Lexington family turns to social media and "Prayers for Paxton"

There are a lot of things you can like and share on Facebook these days.

The popular site has become a place where if you want to spread the word about something you can do so in no time at all.

WKYT's Amber Philpott has the story of one Lexington family and how they never dreamed they would be the focus of a Facebook page, but how its helping them fight the toughest battle they have ever faced.

None of us know what we would choose to hold onto when the winds of change blow in our lives.

For Jamie Bloyd, its her phone and the simple images of a life now threatened to be changed forever as those winds blow stronger.

At just 5-years-old, Paxton Bloyd is a lot of things, smart, determined, and spunky.

Paxton, taught himself to ride a bike in just one day and there was no looking back.

When it comes to his love of basketball, he's the kid who wants to stay late hoping to perfect his shot just one more time.

"He has always been a very intense little boy, very smart, always has known more than me and just ahead of the curve all the time," said Jamie Bloyd, Paxton's mother.

Paxton has been capturing hearts since he first entered this world, and maybe its fitting that he's doing so now in the virtual world on Facebook.

How many little boys can get the University of Kentucky Wildcats to pose for him, how about the EKU Colonels headed to the NCAA tournament? Somehow Paxton did!

But, how he became a Facebook sensation with more than nine thousand likes is where this story takes a much different turn.

"I have always had a feeling since he was very small that something is going and I didn't know quite what it was," said Bloyd.

Happy, healthy and being a big brother to his sister is just what Paxton was doing when his life changed.

"One day we were in baseball practice and I looked over at him and I noticed what I thought was a swelling on his neck, it just looked like a swollen lymph node."

In just a couple days Paxton's swelling had grown.

Call it a mother's instinct, but Jamie knew something wasn't right.

After tests and pressing for answers Paxton was heading for surgery and a frightening discovery.

"I was listening in on the conversation, and heard him say it is Lymphoma and you need to see a doctor today."

Jamie and her husband Cheslee found themselves that same day at Cincinnati Children's Hospital, their world turned upside down.

Paxton was diagnosed with stage four Burkitt's Lymphoma a very rare and aggressive form of cancer.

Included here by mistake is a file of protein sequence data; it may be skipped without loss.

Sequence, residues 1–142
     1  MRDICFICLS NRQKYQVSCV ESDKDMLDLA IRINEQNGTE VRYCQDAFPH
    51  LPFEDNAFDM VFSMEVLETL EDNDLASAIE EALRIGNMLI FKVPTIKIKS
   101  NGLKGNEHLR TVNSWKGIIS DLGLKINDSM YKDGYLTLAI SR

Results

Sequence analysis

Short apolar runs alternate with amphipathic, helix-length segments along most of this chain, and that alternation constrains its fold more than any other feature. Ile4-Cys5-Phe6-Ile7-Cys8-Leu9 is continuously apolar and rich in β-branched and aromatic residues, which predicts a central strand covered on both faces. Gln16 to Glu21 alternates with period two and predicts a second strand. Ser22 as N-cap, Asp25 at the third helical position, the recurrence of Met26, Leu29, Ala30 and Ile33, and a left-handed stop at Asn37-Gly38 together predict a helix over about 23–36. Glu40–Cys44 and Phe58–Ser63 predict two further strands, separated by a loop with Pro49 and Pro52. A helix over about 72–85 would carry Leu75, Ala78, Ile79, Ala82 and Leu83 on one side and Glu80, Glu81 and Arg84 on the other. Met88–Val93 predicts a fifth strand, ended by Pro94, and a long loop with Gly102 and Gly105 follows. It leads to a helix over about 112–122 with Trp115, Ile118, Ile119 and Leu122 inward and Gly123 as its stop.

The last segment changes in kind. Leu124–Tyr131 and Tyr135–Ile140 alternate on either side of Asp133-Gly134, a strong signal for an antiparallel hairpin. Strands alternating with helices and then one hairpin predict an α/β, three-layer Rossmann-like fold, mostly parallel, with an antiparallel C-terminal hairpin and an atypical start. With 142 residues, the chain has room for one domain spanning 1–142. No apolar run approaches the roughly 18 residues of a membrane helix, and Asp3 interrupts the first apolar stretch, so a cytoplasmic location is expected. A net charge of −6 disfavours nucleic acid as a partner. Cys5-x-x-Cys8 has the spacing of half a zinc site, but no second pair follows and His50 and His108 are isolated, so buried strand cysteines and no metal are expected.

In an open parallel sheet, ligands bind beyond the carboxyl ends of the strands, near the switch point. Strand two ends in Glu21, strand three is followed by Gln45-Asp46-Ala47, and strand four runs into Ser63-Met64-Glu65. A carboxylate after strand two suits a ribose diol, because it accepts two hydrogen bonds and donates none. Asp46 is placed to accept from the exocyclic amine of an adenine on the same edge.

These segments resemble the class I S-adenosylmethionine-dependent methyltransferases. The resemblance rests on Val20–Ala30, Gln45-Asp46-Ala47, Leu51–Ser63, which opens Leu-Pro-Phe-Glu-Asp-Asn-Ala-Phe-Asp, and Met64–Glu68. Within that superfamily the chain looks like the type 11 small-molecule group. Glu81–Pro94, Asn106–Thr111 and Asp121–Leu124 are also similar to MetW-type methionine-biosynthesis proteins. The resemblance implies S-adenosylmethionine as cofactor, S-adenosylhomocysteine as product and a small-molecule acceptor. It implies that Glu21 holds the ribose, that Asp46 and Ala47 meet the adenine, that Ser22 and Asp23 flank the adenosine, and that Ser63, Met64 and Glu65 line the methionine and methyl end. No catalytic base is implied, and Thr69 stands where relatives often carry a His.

"I just never fathomed that my 5-year-old who looks so healthy to me that it could be in 80% of his bones, his liver, his spleen and there were never any symptoms."

This is where Prayers for Paxton really takes off!

People all over the world are Paxton Strong and letting this little boy know it!

As Christians the Bloyd's knew the power prayer, but were reluctant to turn to Facebook, until they realized there was so much prayer to be shared and Paxton needed every bit of it.

"The very first thing I thought was okay, the most important thing to me is to have prayer warriors and to have people all over the world blanketing him and just overwhelming him with prayer."

Paxton doesn't know he has cancer, the reality is that he is too sick for our cameras, for basketball for even riding is bike.

The kind of sick that makes you want to hold onto something even if it's a screen on a phone filled with prayers from strangers.

"It gave me great peace to know that people in Africa, Brazil, all over the world were praying for him and sharing it."

It is a mother's way of holding, weathering a storm that she doesn't know the outcome.

Right now Paxton is scheduled to be at Cincinnati Children's Hospital for at least a year.

As of this week doctors have said the cancer in his bones has gone from 90% to 5%.

The Bloyd's hope it's a sign that not only is the treatment working, but also the power of prayer too.

For more on how you can be Paxton Strong look for the link below as well as links to information on Cincinnati Children's Hospital and Burkitt's Lymphoma.

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